by Jessica E. Lessin
Apple Inc. keeps snapping up mapping companies.
The latest: Embark Inc., a small Silicon Valley upstart that builds free transit apps to help smartphone users navigate public transportation.
We don’t know how much Apple paid for the several-person team it acquired very recently. But we heard from people knowledgeable about the deal that the company plans to directly integrate Embark’s technology into Apple Maps.
Embark, founded in 2011, builds apps for mobile devices powered by Android and Apple’s iOS with information about transit systems in about half a dozen U.S. cities such as New York, San Francisco and Chicago. Its iOS apps are still available for download, but its Android apps aren’t, according to our checks.
An Apple spokeswoman confirmed the deal and said “Apple buys smaller technology companies from time to time, and we generally do not discuss our purpose or plans.” The company didn’t have any comment on the availability of the Android apps.
You’ll remember that Apple openly punted on offering public transit features, like predicting when a train will arrive, when it launched Apple Maps last fall.
Doing so would have required ingesting and sorting data from many public transit agencies. And the new Apple Maps app was buggy enough already. To the delight of companies like Embark, Apple instead directs users to other apps for those features.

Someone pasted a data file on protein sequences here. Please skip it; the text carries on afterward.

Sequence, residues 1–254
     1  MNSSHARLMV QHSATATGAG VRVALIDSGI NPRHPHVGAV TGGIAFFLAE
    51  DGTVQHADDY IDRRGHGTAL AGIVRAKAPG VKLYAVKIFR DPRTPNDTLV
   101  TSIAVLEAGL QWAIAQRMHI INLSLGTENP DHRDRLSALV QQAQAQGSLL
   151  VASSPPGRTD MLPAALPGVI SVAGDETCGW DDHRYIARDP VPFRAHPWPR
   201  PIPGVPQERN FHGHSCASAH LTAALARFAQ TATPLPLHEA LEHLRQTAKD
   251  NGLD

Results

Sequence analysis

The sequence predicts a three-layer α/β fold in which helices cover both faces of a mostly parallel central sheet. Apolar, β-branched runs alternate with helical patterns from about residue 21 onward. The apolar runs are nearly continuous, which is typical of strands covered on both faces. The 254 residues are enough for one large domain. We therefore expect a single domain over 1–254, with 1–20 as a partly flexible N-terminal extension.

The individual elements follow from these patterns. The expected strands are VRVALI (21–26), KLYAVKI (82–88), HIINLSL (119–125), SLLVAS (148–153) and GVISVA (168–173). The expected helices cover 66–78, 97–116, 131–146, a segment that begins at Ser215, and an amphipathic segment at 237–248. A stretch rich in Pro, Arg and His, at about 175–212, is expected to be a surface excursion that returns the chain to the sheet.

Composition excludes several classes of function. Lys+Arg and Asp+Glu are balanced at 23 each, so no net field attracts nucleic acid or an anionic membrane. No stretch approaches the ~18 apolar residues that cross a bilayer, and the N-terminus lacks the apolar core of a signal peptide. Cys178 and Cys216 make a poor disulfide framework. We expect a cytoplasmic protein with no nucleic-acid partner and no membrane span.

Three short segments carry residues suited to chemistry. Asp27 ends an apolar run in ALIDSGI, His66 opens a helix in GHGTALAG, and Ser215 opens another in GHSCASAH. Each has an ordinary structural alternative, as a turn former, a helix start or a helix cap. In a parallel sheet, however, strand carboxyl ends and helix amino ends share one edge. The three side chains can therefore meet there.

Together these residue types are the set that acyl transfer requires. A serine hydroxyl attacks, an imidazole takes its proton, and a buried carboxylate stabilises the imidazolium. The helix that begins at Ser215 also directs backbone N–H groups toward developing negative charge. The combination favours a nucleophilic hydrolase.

Embark’s investors include Silicon Valley seed funds Y Combinator, SV Angel and BMW Group, which has a venture arm that invests in mobile services.
Embark claimed to have more than half a million users of its apps when BMW invested last November. But it faces a host of competitors, including apps like iTransitBuddy and Rover, many of which Apple Maps promotes to users too.
The company had struggled to nail down a business plan, a factor that likely contributed to its desire to sell, one of the people familiar with the deal said.
It bears mentioning that Google Maps already integrates hoards of public transit data to help users plan their trips; it is unclear whether Apple is just trying to get up to par or wants to try something new.
What is clear is that “mapageddon,“ or the fight between Apple and Google to build the best maps for mobile, marches on. Here’s a quick recap of some old and recent mapping companies each has purchased.
3D mapping and data: Keyhole (2004)
Digital mapping: Where 2 Technologies (2004)
European maps: Endoxon (2006)
Aerial photography: ImageAmerica (2007)
Traffic: Waze (2013)
Mapping data: Placebase (2009)
3D mapping: Poly9, C3 Technologies (2010, 2011)
Indoor location: WifiSlam (2013)
Transit data: Locationary, HopStop, Embark (2013)